The claims against DOL come as part of the process to achieve regulatory clarity, Bauknight said. Consumers and regulators must find a balance that satisfies those who want cryptocurrency options and those who want to protect participants from the associated risks.
As this process plays out, employers will have to weigh the factors as they evaluate the benefits, which are numerous and significant, Bauknight pointed out.
Workers have voiced demand for crypto products increasingly. The pandemic drove some of this demand, Bauknight suggested. “The pandemic really changed things for everyone and forced everyone to revaluate their priorities,” he said. “The ability to have offerings [of] cryptocurrency products provide the employee more control over when, how and in what form they receive payment for their services.”
Satisfying this demand may lend employers an advantage as they compete for talent, especially in industries that value innovation. Offering cryptocurrency options in 401(k) plans could “provide an incentive to certain categories of applicants and workers,” Bauknight said.
Crypto options and employer responsibilities
The regulatory battles and broader discussions developing around cryptocurrency and 401(k) options may spur employers to review some of the basics of employee benefits. While the fundamentals refresh employers on their responsibilities, they also offer employers a few tips on how to proceed the most soundly when adding cryptocurrency options to their menu.
When it comes to 401(k)s, plan sponsors are the ones who hold in trust the assets, Bauknight said. According to ERISA, individuals making decisions about the plans are the fiduciaries. And the fiduciaries, as ERISA stated in its guidance, must act exclusively in the best interest of the plan participants. That means employer plan sponsors and fiduciaries are duty-bound by law to monitor plan investments and remove any options that are imprudent, Bauknight said.
It’s important to note that ERISA does not dictate to fiduciaries the decisions they should make. Rather, it compels them to minimize the risk for large losses.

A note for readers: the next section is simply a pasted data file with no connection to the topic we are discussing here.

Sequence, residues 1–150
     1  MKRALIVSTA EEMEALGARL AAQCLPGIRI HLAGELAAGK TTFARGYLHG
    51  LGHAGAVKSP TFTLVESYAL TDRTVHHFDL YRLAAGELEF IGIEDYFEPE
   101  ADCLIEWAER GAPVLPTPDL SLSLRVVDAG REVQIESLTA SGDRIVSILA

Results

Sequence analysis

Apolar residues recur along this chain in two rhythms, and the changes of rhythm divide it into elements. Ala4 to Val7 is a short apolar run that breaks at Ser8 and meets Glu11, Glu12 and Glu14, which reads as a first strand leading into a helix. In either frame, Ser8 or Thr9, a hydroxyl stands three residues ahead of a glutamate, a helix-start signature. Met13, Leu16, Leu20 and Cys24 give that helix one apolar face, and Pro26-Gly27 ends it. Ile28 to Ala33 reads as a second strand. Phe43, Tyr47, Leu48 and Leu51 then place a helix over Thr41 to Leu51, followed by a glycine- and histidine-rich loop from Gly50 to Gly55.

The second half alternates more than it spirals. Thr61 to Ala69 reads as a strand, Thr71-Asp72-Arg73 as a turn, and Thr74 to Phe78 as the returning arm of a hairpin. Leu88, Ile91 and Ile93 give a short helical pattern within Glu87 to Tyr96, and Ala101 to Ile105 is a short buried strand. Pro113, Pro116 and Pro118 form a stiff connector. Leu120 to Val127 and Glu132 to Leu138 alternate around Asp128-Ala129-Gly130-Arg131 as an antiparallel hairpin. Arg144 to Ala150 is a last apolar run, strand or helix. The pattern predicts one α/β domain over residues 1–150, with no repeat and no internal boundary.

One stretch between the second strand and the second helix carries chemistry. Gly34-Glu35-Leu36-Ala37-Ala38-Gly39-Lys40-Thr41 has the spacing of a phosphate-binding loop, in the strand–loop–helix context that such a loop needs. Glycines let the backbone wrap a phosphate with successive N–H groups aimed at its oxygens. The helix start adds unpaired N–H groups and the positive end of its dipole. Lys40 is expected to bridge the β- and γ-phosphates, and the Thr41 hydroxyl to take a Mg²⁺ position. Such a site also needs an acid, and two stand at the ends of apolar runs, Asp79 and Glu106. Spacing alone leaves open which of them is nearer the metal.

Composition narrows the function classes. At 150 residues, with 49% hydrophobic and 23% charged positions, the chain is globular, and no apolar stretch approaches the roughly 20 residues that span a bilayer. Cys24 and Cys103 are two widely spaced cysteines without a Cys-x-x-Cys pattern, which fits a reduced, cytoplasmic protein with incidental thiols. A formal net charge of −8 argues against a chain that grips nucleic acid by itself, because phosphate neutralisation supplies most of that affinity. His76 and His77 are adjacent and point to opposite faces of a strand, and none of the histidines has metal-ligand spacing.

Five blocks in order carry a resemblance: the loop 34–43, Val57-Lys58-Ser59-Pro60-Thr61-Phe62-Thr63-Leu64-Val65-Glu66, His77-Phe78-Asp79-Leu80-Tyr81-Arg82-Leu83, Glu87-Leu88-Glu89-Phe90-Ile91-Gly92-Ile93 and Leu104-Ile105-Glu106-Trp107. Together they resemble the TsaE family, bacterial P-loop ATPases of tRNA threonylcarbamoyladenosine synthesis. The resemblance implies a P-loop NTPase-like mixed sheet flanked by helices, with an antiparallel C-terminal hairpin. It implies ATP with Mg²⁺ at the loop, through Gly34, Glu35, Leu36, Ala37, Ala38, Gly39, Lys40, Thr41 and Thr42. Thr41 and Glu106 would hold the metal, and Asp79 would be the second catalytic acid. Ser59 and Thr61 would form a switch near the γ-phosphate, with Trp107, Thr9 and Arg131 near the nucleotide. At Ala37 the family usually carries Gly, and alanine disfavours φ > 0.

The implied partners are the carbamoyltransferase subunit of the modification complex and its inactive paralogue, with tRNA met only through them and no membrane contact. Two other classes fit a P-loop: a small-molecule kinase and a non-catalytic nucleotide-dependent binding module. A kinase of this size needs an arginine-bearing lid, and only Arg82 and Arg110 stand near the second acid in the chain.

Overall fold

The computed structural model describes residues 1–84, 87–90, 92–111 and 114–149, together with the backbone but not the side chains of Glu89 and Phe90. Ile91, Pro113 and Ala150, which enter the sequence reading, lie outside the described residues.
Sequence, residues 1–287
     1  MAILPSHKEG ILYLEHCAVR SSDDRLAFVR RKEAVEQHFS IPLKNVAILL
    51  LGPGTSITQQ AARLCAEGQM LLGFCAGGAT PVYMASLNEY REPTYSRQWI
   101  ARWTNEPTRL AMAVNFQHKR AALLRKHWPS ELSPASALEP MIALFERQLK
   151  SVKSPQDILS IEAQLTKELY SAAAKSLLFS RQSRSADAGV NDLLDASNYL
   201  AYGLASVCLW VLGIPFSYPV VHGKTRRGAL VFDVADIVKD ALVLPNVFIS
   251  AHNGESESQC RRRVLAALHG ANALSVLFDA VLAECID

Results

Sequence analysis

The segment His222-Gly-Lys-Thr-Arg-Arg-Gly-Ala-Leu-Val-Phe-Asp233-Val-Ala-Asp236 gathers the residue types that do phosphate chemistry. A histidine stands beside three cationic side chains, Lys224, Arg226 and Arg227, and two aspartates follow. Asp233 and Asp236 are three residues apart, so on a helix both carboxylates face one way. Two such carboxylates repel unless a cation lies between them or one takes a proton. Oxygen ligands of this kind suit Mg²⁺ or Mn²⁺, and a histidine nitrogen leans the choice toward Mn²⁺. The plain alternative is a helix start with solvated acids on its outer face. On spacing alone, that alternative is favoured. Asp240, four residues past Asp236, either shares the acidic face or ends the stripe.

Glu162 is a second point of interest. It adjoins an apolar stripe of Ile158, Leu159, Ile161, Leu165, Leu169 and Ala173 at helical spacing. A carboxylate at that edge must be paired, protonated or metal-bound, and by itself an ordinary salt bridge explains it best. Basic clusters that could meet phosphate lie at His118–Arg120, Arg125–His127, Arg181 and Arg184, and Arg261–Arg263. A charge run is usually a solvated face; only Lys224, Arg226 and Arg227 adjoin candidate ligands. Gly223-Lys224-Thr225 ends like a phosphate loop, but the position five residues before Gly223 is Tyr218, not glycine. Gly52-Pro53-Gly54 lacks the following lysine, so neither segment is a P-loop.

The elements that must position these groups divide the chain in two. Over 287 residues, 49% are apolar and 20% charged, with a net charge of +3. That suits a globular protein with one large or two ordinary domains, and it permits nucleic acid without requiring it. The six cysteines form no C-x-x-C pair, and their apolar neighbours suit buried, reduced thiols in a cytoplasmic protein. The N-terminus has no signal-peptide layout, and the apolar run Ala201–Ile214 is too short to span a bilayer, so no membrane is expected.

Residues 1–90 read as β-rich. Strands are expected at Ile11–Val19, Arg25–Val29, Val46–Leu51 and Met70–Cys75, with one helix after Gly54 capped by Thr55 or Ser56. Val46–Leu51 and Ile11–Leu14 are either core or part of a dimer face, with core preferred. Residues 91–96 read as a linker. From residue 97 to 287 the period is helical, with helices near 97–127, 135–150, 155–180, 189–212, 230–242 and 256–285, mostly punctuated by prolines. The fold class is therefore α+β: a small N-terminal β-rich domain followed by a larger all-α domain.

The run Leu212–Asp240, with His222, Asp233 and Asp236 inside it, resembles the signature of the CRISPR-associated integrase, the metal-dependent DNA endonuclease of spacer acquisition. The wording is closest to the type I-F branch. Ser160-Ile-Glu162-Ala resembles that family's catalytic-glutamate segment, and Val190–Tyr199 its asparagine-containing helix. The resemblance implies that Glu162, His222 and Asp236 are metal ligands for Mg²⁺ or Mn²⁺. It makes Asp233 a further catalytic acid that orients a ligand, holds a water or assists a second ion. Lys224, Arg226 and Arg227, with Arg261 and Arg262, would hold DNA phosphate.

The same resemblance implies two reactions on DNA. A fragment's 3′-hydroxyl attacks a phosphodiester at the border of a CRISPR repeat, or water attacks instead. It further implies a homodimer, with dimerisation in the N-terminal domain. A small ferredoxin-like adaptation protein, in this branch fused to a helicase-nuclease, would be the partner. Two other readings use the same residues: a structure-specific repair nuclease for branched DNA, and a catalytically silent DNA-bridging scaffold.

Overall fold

“That’s where crypto comes in – there’s a concern about protecting individuals from large losses,” Bauknight said.
One of the most common reasons participants sue their employers in the area of benefits is over inappropriate investment choices, he noted. Cryptocurrencies have a history of sharp increases and sharp declines. It’s not a typical investment vehicle, and its inclusion on the 401(k) menu may cause employers to deviate from its investment policy statement — what most employers use to guide investments. Deviation from the IPS could serve as evidence that an employer has breached its duties, Bauknight said.
Together or alone, this could create risk for a breach of duty claim, Bauknight said. Still, ERISA doesn’t prohibit cryptocurrencies as an investment option in 401(k) plans, and the option could draw talent and boost retention.
Bauknight offered several suggestions to employers opting to add cryptocurrencies to their suite of 401(k) investment options:
- Confirm with the provider that cryptocurrency is an option.
- Evaluate the IPS to ensure there are no provisions prohibiting cryptocurrencies.
- Ensure fiduciaries follow all steps in the IPS in selection.
- Consider some type of limit on the amount someone can put toward crypto investments.
- Keep participation optional.
- Ensure employees receive educational materials about new investment options.